As much as we enjoy horror movies, there are some tropes that are beyond overplayed in the genre. When writers come up with good ideas, they can be copied endlessly until they become exhausting and cringeworthy to see. Yet, they continue popping up in the movies that are meant to scare us.
These cliches should be instilling terror, but instead they conjure laughs over how ridiculously easy it is to predict what’s coming next. Read on for the top 10 cliches in horror movies.
A person wearing white soaked in blood
We all know Carrie did this best when she appeared in her white dress soaked in pig’s blood while murdering everyone at prom. Unfortunately, countless horror directors saw how cool Sissy Spacek looked and decided that having a girl wearing all-white clothing while getting drenched in blood was the look. Now we know what’s coming every time a character is dressed this way.
A couple having sex when they get murdered
It’s become a golden rule of horror movies that you should just not have sex because everyone who does so is almost instantly killed. No matter the location or circumstances, having sex in a horror movie always seems to end in death, so it’s guaranteed that if two people are about to get hot and heavy, blood will follow.
Women running and constantly falling down
Horror has been notoriously awful toward women and constantly discredits their capabilities, but this cliche is beyond ridiculous when you see it in action. For whatever reason, just about every woman who gets chased by a villain forgets how their feet work and will trip over nothing, repeatedly. Maybe if they were wearing heels, we could understand a scene like this, but many directors seem to think women are like babies taking their first steps all over again.
The villain is invincible
Sure, the villain is supposed to seem unstoppable to create some fear of their abilities, but this can go too far sometimes. Some villains seem to be able to take countless numbers of bullets to the body (or head) without so much as flinching, or even after they suffer a fall that should kill anyone, they stand up again and keep going.
The “final girl”
Despite horror directors and writers often turning women into helpless creatures at the whims of some big hero, they always seem to keep one woman around until the final act. The vast majority of horror movies have this “final girl” who usually comes out on top after a random stranger saves the day. You can almost always tell who the final girl will be, as she’s positioned as the “responsible” one within the group of protagonists.
The Black person always dies first
Sadly, filmmaking, like many things, brings out racism, and horror movies have created a cliche that’s still present today. Black actors are already underhired to start, so to cast characters who give films proper representation only to kill them off immediately feels thoughtless and uninspired. One of the many reasons Jordan Peele’s Get Out was regarded so highly dealt with confronting this dumb trope as it took the cliche and flipped the formula.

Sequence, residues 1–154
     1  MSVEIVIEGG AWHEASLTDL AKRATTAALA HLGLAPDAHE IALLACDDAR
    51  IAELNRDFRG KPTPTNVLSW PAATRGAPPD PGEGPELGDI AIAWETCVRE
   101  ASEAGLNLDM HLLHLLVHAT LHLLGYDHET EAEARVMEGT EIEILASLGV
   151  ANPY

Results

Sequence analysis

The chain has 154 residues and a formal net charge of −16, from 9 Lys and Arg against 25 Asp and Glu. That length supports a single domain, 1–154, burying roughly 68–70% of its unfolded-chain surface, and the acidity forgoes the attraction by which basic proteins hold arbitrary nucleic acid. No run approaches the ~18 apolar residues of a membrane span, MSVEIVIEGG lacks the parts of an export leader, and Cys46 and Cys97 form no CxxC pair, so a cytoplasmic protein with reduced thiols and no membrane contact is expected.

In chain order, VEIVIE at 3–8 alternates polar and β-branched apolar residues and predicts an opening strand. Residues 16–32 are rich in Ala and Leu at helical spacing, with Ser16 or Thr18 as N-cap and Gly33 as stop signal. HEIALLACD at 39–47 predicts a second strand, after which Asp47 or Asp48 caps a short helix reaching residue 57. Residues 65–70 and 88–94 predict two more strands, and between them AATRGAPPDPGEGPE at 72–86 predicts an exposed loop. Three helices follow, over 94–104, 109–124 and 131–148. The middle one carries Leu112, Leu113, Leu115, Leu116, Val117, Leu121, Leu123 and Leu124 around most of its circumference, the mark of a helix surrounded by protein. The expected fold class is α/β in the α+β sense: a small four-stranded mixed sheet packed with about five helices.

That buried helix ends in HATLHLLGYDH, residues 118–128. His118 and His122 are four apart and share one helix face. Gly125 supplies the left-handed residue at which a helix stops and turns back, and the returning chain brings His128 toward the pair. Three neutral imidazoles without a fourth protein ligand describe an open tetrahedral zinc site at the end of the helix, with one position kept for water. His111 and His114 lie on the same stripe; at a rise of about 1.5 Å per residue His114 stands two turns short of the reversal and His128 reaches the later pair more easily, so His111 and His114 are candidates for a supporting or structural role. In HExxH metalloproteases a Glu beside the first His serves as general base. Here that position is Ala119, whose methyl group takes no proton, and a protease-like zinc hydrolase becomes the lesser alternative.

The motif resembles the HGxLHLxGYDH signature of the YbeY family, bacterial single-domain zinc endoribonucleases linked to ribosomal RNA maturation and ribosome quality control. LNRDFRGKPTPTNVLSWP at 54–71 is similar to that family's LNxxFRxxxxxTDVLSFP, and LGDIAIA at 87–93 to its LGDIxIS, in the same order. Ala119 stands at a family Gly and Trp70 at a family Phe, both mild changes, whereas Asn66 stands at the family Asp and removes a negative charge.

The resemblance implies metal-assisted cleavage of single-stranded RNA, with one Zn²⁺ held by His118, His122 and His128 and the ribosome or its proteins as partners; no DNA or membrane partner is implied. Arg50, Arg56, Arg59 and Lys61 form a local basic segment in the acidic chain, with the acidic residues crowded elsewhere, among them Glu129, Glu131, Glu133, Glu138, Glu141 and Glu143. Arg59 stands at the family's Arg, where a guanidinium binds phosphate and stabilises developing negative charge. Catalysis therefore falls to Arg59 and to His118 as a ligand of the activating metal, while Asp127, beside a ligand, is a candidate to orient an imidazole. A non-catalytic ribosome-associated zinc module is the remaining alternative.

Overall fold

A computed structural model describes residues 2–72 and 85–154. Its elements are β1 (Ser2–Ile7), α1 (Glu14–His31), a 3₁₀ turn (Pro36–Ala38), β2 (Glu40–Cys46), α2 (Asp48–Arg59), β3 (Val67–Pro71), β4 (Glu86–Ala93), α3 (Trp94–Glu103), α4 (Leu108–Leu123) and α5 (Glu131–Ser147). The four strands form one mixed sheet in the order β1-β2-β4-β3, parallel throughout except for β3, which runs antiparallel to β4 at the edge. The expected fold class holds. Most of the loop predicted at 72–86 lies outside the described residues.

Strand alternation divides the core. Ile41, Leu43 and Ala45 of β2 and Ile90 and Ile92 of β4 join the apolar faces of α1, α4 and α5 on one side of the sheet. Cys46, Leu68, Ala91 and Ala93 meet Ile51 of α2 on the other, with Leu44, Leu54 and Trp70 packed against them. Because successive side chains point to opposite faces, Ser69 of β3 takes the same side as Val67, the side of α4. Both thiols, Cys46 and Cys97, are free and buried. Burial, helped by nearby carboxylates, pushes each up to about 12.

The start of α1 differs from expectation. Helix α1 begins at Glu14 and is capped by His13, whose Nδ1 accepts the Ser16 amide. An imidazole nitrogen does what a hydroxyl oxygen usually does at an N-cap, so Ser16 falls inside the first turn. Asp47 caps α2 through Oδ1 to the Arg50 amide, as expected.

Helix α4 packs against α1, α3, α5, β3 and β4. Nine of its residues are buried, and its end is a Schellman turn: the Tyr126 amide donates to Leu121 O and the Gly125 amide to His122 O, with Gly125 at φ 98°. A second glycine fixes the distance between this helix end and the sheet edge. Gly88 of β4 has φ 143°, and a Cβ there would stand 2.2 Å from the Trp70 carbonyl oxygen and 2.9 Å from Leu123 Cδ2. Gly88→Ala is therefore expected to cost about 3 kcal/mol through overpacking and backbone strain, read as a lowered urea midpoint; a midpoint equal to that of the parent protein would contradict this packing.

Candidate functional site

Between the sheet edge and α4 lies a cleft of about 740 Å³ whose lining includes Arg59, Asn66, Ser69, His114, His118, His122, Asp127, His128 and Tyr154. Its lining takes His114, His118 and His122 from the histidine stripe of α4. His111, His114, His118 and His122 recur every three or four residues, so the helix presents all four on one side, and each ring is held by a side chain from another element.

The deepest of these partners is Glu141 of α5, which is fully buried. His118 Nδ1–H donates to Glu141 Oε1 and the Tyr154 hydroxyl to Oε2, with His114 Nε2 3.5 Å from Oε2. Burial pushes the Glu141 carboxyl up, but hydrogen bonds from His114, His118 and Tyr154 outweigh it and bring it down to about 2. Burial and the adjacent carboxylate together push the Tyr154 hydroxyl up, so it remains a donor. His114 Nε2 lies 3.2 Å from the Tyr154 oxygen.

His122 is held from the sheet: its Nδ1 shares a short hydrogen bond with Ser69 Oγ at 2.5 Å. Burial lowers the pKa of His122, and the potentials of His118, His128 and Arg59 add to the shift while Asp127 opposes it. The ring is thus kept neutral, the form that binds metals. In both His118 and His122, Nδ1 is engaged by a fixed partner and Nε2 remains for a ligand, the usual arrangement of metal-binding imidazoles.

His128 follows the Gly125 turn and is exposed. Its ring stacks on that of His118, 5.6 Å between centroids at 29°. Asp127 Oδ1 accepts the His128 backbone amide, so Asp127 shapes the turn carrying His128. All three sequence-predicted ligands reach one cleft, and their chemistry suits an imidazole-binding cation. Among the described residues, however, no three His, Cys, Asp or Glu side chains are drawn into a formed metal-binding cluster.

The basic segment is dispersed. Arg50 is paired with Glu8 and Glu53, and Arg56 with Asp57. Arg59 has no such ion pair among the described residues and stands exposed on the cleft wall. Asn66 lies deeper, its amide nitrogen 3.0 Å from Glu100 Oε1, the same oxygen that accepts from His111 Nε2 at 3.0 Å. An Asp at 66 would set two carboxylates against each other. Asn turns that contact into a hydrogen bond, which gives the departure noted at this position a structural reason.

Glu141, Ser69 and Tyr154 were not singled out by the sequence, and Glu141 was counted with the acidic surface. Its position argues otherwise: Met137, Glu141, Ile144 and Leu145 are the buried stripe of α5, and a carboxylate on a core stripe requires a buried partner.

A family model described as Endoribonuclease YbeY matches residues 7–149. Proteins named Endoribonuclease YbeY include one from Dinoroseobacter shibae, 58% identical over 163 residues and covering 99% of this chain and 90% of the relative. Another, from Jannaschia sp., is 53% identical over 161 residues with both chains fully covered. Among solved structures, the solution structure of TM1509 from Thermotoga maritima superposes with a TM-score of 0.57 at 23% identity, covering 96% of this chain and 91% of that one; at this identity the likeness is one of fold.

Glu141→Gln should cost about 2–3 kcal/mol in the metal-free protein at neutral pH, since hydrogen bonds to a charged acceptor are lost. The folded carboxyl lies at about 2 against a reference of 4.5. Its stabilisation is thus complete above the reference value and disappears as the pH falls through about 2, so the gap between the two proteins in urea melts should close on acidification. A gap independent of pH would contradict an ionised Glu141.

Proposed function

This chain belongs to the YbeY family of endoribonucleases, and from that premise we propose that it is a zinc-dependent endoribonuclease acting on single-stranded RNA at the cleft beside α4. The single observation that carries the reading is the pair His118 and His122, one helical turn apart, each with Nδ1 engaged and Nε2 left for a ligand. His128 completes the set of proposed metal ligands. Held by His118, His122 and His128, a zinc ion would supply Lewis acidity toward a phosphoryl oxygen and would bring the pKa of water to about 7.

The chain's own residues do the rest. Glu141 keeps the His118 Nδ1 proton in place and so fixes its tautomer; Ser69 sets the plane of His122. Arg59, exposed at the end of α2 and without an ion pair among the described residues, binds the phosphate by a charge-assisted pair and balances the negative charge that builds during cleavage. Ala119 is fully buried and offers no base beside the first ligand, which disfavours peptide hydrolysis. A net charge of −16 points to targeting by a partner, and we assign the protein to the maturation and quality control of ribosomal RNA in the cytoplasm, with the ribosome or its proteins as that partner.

Violence in bathrooms
Once a character in a horror movie shuts a bathroom door, something is going down, and it’s usually violent. Psycho pulled off the most iconic bathroom horror scene with the classic knife through the shower clip, but just like characters having sex, the moment you set foot in a bathroom, you can pretty much say goodbye to living.
The car won’t start
Cars seem so reliable to get us from place to place, but if you’re in a horror movie, you should never turn a car off. Every time the keys are taken out of the ignition, someone gets killed or is lured into a trap. Even though the vehicle never seems to have trouble starting any other time, the moment you need it to, it just stalls until the villain shows up.
The grizzled old man who warns the protagonist to turn back
Horror movies would like you to believe there’s a grizzly old guy sitting in every small town just waiting to warn travelers of danger. They’re most often working at a gas station or lounging on a rocking chair on their porch, but you can guarantee they’ll tell people about the dangers awaiting them, only to be conveniently ignored. If an old man ever warns you to leave somewhere over some ominous, vague danger, just listen to him.
Guns are easy to shoot and never run out of ammo until convenient
The vast majority of horror directors have either never physically shot a gun or simply don’t care about realism. First off, guns are incredibly heavy, but people of any size seem to be able to handle them like they’re a children’s toy. Second, aiming the weapon accurately with recoil isn’t as simple as video games or movies make it look. Yet, characters can just ping off headshots like they were born to do it. Worst of all, no one ever reloads. Bullets are never-ending until a moment presents itself where having an empty chamber will push the story further, even if it makes no sense.